You can store a number of items under your bathroom and kitchen sink. Although, there are some items more suitable for under sink storage than others.
Things to safely store under your kitchen sink
- Sponges, cleaning brushes, gloves
- Cleaning supplies, such as glass cleaner, dishwashing pods, soap. When storing cleaners underneath the kitchen sink, keep in mind who is in your household. If you have small children that enjoy exploring cabinets you may consider placing cleaners out of reach or adding childproof locks on the door. Another idea is to place all your cleaning supplies on a rubber tray in case of spills for easy cleanup.
- Trash bags
- Trash can
- Recycling can
Things to safely store under your bathroom sink
- Toiletries, such as extra toothbrushes and paste, deodorant, contact solution
- Toilet paper
- Hairstyling tools
- First aid kit
Things to avoid putting under the kitchen sink
- Bug spray
- Oven cleaner
Things to avoid putting under the bathroom sink
Organize under your sink
Organizing is never an easy task, however, with the right guidance, it can be a little easier. Use these under the bathroom and kitchen sink storage ideas to create a nice organized space for yourself.
The post 10 Under Sink Storage Solutions You Need in Your Life appeared first on Apartment Living Tips – Apartment Tips from ApartmentGuide.com.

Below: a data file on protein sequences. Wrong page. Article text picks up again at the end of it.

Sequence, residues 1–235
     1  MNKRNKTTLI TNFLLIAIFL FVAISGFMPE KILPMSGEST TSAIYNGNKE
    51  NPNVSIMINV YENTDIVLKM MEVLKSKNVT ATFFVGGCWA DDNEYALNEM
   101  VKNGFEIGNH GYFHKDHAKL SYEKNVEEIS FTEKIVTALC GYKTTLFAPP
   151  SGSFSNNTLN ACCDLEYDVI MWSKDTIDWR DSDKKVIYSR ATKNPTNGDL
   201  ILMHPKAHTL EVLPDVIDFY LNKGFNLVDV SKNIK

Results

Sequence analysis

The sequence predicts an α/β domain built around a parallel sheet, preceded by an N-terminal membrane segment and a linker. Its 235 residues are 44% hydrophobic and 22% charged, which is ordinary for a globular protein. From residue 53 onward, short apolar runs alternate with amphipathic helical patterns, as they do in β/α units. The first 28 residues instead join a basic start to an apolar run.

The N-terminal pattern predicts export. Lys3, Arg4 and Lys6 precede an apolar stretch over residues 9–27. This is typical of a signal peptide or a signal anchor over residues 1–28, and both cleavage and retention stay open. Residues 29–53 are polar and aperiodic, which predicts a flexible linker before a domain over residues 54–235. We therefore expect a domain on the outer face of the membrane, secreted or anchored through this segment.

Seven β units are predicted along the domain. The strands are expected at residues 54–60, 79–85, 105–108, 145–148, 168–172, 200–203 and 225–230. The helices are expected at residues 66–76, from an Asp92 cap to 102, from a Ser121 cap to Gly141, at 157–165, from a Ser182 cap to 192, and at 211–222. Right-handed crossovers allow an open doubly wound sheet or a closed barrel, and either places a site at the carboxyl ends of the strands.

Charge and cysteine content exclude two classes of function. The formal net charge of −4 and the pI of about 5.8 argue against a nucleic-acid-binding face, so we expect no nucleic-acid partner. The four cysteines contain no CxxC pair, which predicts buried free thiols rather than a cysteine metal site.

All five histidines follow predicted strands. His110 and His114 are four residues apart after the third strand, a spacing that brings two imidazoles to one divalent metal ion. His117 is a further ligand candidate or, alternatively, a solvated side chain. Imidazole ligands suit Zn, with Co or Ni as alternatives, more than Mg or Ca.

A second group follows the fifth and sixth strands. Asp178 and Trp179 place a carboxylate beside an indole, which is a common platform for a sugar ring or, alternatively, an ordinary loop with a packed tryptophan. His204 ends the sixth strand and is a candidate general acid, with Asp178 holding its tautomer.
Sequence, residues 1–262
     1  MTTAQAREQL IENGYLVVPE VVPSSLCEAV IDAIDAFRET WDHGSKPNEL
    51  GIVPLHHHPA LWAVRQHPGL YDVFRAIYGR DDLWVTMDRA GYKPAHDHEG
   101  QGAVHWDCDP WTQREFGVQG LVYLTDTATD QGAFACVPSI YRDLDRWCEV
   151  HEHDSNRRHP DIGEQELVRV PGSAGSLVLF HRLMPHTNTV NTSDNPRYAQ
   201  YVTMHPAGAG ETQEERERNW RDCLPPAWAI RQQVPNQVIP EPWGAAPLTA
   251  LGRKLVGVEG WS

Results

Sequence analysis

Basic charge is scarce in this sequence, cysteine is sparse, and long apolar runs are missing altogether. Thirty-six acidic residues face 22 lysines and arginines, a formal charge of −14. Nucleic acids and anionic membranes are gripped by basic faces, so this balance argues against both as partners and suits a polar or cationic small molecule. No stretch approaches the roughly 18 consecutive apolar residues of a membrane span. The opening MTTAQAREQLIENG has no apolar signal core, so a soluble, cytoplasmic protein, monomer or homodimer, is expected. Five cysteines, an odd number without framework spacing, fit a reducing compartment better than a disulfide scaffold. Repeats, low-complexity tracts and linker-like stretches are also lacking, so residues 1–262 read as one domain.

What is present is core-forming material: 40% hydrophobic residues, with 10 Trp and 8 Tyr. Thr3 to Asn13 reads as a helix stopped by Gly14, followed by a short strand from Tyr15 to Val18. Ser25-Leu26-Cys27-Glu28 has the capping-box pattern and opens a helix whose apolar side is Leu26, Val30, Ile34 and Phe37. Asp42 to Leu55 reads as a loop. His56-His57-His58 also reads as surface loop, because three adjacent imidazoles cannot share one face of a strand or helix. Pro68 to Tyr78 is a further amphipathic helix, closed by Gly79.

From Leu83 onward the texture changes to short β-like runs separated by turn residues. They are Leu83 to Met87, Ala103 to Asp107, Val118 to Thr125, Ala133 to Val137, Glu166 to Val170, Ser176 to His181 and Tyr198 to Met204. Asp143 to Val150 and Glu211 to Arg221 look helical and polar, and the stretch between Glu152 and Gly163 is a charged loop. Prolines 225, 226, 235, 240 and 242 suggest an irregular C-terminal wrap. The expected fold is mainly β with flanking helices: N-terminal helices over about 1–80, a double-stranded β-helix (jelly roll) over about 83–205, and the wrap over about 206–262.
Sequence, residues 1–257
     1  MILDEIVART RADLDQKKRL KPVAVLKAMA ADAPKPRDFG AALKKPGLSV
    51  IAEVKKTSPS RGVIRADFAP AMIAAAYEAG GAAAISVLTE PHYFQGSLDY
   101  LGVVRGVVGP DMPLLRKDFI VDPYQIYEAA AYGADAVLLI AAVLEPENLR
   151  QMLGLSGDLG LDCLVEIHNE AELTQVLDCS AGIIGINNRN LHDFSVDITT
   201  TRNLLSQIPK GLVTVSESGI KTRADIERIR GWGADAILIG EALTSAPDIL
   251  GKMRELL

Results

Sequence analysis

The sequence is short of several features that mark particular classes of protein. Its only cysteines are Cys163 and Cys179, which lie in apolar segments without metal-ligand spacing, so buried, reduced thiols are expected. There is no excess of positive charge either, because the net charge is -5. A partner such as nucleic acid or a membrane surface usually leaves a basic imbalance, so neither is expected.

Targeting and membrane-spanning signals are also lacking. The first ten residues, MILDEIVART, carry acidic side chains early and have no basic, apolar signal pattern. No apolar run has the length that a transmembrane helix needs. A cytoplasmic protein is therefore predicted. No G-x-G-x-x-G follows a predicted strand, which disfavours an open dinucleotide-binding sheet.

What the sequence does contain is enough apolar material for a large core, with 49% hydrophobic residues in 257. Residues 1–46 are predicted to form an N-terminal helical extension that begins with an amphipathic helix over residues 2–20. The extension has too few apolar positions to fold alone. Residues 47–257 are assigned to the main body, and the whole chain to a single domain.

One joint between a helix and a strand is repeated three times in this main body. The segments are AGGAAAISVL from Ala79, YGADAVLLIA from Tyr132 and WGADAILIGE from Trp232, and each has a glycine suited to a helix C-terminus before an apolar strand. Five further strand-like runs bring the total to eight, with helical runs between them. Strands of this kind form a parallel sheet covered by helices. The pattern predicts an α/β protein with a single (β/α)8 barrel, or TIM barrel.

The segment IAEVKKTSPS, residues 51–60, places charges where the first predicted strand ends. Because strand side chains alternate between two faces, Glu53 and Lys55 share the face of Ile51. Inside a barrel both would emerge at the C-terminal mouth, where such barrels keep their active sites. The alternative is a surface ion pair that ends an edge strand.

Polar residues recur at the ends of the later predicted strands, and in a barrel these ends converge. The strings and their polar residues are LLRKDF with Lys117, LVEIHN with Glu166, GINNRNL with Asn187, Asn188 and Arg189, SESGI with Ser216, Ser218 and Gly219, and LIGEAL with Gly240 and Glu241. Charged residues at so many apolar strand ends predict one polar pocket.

In this day and age, health insurance is something that we all need to have but have different ways of getting it. Health insurance is expensive. If you work for a company that offers insurance, you wonât have to worry about deducting it from your taxes, but if you have been paying out-of-pocket for your health insurance and living on a self-employed income, you might be able to deduct the total dollar amount from your taxes. There are specific criteria you will have to meet in order to be able to make this deduction. In this article, we will discuss what the self-employed health insurance is and how you can deduct your monthly health insurance premiums.
What is the self-employed health insurance deduction?
Because it doesnât require itemizing, the self-employed health insurance deduction is considered an âabove the lineâ deduction. If you are able to claim it, doing so lowers your adjusted gross income (AGI).
This tax deduction gives self-employed people an opportunity to deduct the following medical expenses:
- Medical insurance.
- Dental insurance.
- Qualified long-term care insurance.
One benefit of this tax deduction is that itâs not only useful for your own health insurance expenses. If you are paying for health insurance for dependents, children or your spouse, you may also deduct these premiums at the end of the tax year.
How to claim the deduction if you are self-employed
If you are self-employed such as a freelancer or an independent contractor, you can deduct any health insurance premiums that you paid for yourself, your dependents, and your spouse. If you are a farmer, you would report your income on Schedule F and if you are another kind of sole proprietor, you would report on Schedule C. You may also be able to take this deduction if you are an active member of an LLC that is treated as a partnership, as long as you are taking in self-employed income. This same rule of thumb goes for those who are employed by S-corporations and own 2% or more of the companyâs stock. Self-employed people who also pay supplemental Medicare premiums, such as those for Part B coverage can also deduct these.